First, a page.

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What are OKRs? A guide to objectives and key results

Julia Martins contributor headshotJulia Martins
April 22nd, 2024
10 min read
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Summary

OKRs stand for objectives and key results, a goal-setting framework that can help your team set and track measurable goals. Originally pioneered by John Doerr, this framework pairs the company-level objectives you want to achieve with the key results you’ll use to measure progress—so your goals are tied to your team’s day-to-day work. In this article, we explain how the OKR process works and share examples to get you started setting OKRs for your company, team, or personal life.

If you regularly set team or company goals, you’ve likely heard the term OKRs thrown around. OKRs, or “objectives and key results,” are a goal setting methodology that can help teams set measurable goals. While most companies set goals, only 16% of knowledge workers say their company is effective at setting and communicating company goals. To increase employee engagement in goal setting and help your teams set and achieve ambitious goals, try setting OKRs.

What is an OKR?

An OKR is a goal-setting framework that helps organizations define and track ambitious goals. OKR stands for "objectives and key results," and the framework consists of two main components: 

  • Objectives are clear, aspirational goals that define what you want to achieve—increase brand awareness, create the lowest carbon footprint in your industry, that sort of thing. 

  • Key results are specific, measurable outcomes that indicate progress towards achieving the objective—drive one million web visitors, ensure one-quarter of your product’s material is compostable, and so on.

OKRs are designed to help organizations focus on what matters most and align their teams around common goals. By setting challenging yet achievable objectives and defining clear, quantifiable key results, organizations can track their progress, hold themselves accountable, and make data-driven decisions about where to invest their time and resources. 

OKRs follow a simple but immensely flexible template that bends and bows to fit nearly every purpose:

  • I will [objective] as measured by [key result].

OKRs are typically set and reviewed on a quarterly basis, with regular check-ins throughout the quarter to ensure teams stay on track and can adjust their quarterly OKRs as needed.

History of Objectives and Key Results (OKRs)

In the 1970s, Andy Grove worked at Intel to develop the OKR methodology. John Doerr, who worked for Grove at Intel, introduced OKRs to Google's founders, Larry Page and Sergey Brin, in 1999. As Doerr explains in his book Measure What Matters:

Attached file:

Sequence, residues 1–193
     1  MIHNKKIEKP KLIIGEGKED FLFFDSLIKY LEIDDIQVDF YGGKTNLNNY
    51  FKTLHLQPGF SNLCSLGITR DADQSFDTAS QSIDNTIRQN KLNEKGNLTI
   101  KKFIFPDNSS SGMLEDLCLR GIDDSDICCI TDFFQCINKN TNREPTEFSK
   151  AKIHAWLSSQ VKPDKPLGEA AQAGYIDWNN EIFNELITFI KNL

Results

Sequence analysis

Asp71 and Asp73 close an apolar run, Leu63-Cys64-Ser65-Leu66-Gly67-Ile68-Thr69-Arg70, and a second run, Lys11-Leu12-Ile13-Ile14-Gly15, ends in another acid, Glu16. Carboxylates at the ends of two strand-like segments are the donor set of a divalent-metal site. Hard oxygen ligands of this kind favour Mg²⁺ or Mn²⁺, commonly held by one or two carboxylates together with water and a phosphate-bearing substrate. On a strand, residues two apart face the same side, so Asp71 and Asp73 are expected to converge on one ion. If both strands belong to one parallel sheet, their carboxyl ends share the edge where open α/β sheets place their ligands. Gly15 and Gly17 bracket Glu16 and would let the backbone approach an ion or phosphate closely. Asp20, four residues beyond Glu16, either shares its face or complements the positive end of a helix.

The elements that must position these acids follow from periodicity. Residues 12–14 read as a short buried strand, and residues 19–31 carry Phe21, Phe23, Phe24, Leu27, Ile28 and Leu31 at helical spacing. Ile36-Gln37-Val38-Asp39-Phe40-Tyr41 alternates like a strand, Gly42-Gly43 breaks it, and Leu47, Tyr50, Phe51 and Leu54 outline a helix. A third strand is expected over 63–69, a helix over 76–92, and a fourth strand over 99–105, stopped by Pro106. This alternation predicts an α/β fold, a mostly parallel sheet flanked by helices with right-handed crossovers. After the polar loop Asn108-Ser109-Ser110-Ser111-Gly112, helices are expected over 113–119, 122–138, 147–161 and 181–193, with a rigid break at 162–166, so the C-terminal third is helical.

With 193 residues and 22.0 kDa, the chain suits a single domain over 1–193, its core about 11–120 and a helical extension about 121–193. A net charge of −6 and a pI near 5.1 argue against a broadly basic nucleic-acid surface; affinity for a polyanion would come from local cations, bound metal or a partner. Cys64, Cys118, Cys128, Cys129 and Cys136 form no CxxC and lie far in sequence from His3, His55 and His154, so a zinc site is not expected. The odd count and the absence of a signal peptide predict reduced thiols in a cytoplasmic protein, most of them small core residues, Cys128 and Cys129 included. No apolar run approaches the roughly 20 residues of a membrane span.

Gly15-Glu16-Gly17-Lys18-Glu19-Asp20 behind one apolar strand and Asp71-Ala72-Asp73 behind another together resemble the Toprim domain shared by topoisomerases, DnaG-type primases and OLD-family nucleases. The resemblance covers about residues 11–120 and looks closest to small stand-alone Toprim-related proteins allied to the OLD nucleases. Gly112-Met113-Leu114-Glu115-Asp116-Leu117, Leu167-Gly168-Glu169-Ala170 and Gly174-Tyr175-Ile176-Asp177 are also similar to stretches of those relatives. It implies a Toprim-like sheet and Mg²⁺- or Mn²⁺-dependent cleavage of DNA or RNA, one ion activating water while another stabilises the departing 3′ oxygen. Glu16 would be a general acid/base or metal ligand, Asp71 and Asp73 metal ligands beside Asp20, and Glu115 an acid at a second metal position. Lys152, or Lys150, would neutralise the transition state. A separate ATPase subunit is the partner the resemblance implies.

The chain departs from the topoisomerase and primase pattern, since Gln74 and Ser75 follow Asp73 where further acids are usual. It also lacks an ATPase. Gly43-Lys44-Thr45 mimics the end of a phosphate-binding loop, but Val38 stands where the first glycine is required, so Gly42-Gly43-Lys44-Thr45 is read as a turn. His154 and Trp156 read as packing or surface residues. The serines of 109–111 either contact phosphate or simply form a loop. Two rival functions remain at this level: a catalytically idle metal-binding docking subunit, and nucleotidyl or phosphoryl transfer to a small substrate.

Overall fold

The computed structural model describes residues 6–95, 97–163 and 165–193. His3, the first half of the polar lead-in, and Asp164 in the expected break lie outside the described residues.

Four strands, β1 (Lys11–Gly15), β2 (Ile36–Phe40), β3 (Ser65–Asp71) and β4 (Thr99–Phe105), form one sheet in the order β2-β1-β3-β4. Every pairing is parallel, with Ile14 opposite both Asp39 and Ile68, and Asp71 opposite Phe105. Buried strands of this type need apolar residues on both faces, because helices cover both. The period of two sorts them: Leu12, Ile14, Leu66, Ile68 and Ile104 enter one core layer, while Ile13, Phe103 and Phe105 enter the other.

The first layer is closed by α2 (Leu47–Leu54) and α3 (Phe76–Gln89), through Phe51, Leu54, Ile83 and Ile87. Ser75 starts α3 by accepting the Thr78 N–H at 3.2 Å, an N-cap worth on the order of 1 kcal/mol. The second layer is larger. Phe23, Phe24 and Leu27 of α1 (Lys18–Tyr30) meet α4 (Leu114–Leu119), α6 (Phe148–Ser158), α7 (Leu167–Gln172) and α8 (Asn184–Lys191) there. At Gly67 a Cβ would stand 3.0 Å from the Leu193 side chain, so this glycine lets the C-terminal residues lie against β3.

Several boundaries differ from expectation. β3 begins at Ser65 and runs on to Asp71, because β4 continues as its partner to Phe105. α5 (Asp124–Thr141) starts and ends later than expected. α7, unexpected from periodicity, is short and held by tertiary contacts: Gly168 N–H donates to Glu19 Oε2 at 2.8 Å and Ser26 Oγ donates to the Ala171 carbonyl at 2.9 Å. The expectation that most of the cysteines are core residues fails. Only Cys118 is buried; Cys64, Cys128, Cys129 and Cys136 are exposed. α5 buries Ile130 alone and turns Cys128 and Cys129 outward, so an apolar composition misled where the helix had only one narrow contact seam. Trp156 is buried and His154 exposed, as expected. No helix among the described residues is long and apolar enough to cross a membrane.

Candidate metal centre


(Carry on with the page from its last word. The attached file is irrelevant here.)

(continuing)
“Andy had created this system for goal setting that was deceptively simple, but also the polar opposite of the conventional management by objectives (MBO) systems, which tend to be top-down, hierarchical, annual, and linked to compensation.” 

Grove's revolutionary idea was that teams perform better by focusing on outcomes rather than procedures. Instead of telling employees precisely what to do, he would set them an objective and let them figure out how to achieve it. Grove originally called his approach "Intel Management by Objectives," but later simplified it to just "Objectives and Key Results"—better known today as OKRs.

Setting effective OKRs

Because of how flexible the OKR framework is, you can set and phrase OKRs in a variety of ways. Like any goal, OKRs should be falsifiable and measurable. You should think of OKRs as the pillar of your strategy for the next period of time. However, to set good OKRs, you also need to connect them to your day-to-day work. Here are some best practices to keep in mind:

  • Limit the number of objectives. Aim for no more than 3-5 objectives per level (company, team, individual) so you can focus on what matters most when implementing OKRs across the entire organization.

  • Make key results measurable. Key results should have clear metrics to track progress, allowing you to measure what matters and achieve measurable outcomes. Use a mix of quantitative and qualitative KRs to ensure a balanced approach to performance management.

  • Assign key result owners. For each key result, designate a single owner responsible for tracking and updating progress. This aspirational approach to individual OKRs promotes accountability and ownership at all levels of the organization.

  • Check in regularly. Schedule frequent (weekly or bi-weekly) check-ins to track progress, address obstacles, and keep milestones and objectives top of mind. Regular check-ins are key for the successful rollout and adoption of an OKR management framework.

  • Connect OKRs to daily work. Use OKR software that integrates with your team's daily workflow so goals stay visible and actionable. Companies like Microsoft, LinkedIn, and Spotify have successfully implemented OKRs to track progress, align teams, and drive measurable results. By connecting OKRs to daily work, you can ensure that your strategic planning efforts translate into tangible milestones and achievements.

Even though most companies set goals, research has shown that only 26% of employees have a clear understanding of how their individual work contributes to company goals. That’s because most teams set goals at the beginning of a year or quarter, then never revisit them again. But when employees have clarity on the relationship between their work and their company-level objectives, their motivation doubles. By connecting individual OKRs to your entire organization’s goals, your employees have a context for why their work matters.

Create an OKR template

How to write OKRs

Now that you understand the key principles of setting effective OKRs, let's dive into the specifics of how to write good OKRs. Whether you're writing OKRs at the company level, team level, or individual level, the process is similar.